NPR
Sunday, January 8, 2012

Second Mile Grant on Hold

A $3 million state grant earmarked for The Second Mile Foundation has been put on hold by the state legislature as the fallout from the investigation into alleged sex abuse by former Penn State assistant football coach Jerry Sandusky continues. Sandusky is the founder of Second Mile and has been accused of sexually abusing boys who were involved in the foundation’s programs at Penn State.

A $3 million state grant earmarked for The Second Mile Foundation has been put on hold by the state legislature as the fallout from the investigation into alleged sex abuse by former Penn State assistant football coach Jerry Sandusky continues. Sandusky is the founder of Second Mile and has been accused of sexually abusing boys who were involved in the foundation’s programs at Penn State.

The grant was approved by former Governor Ed Rendell and then reaffirmed by Corbett after taking office. Gov. Corbett said that he knew Sandusky was gone from the organization when he approved the grant. He defended the decision by saying that he didn’t want to risk compromising the 2-year investigation.

At the first press conference where he answered questions about the Sandusky case, Corbett warned reporters that he was under disciplinary rules as a lawyer and as a person involved in the case. “I am aware of many of the details of the investigation that I cannot go into. Do not bother to ask me, because you will get no comment,” said Corbett.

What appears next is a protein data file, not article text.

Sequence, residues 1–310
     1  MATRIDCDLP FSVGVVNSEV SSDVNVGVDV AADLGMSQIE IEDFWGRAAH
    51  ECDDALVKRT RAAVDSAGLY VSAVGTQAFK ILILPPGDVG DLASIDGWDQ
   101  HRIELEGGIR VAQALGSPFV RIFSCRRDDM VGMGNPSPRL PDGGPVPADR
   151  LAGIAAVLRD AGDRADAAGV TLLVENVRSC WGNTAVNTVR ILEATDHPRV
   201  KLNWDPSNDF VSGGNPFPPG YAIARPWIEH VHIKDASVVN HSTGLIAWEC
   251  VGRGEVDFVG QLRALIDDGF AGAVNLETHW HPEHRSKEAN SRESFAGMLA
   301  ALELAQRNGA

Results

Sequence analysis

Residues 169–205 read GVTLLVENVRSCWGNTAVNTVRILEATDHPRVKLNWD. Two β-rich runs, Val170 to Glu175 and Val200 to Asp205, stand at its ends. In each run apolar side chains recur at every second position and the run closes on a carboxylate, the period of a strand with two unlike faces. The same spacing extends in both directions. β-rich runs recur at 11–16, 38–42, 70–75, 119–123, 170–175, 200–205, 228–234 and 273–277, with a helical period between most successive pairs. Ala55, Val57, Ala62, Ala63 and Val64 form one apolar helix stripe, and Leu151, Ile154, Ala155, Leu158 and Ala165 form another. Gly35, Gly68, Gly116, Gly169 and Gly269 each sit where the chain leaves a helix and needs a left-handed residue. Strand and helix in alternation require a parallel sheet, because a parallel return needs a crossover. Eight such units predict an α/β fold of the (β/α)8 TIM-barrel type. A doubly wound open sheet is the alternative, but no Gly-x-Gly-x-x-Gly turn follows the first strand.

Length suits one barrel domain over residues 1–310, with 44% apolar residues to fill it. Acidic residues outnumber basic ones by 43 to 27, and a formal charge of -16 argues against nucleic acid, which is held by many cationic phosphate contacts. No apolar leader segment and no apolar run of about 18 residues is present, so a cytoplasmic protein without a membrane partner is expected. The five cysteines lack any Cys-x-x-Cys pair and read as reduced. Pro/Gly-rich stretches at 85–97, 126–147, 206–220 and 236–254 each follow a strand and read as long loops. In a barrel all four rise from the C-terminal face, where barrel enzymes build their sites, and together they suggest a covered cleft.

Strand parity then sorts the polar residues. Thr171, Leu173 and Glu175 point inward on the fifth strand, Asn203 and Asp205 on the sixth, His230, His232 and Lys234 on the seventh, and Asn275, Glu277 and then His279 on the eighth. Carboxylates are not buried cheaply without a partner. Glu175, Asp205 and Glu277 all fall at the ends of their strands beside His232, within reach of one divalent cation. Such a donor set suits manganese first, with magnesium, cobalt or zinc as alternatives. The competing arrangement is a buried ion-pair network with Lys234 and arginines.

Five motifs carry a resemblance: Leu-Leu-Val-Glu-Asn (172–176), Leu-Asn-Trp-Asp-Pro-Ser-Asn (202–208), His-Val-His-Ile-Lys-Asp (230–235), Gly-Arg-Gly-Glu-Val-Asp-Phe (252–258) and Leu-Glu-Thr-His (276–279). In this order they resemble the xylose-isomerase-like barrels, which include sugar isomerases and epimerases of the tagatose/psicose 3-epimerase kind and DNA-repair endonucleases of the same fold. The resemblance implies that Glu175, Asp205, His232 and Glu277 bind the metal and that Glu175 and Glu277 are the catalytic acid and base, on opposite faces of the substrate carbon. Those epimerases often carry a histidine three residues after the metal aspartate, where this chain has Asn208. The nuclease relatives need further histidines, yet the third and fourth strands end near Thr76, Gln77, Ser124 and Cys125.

Lawrence Fox, a legal ethics lecturer at Yale Law School, said that respecting grand jury secrecy means that Corbett can’t hint at what he’d like to say. “You can’t, you know, get around it by saying something like, ‘I wish I could share with you all the really good stuff that’s in the grand jury,’ because now he’s breaching grand jury secrecy,” said Fox.

Geoffrey Hazard is a former professor of legal ethics at the University of Pennsylvania and now teaches law at the University of California in San Francisco. He believes that the governor had the ability to make some statements because the case involves the state and Corbett is the commonwealth’s top public official.

On the other hand, he shouldn’t delve into details of what’s involved. The details are still forthcoming, investigations are going on. So if he makes sort of general observations, I think that’s entirely appropriate,” said Hazard.

Corbett also signed off on the state’s funding of Penn State between taking office and the announcement of the grand jury investigation. Since the announcement, Penn State President Graham Spanier has been fired. 

Corbett told reporters last week that he had been disappointed for the two years that the investigation was going on, but he would not elaborate. “There is a legal issue; there is a moral issue. I am personally disappointed in the lack of action,” said Corbett. “Again, I can’t go into that right now. I would love to. I hope you all know I would love to, but I can’t.”

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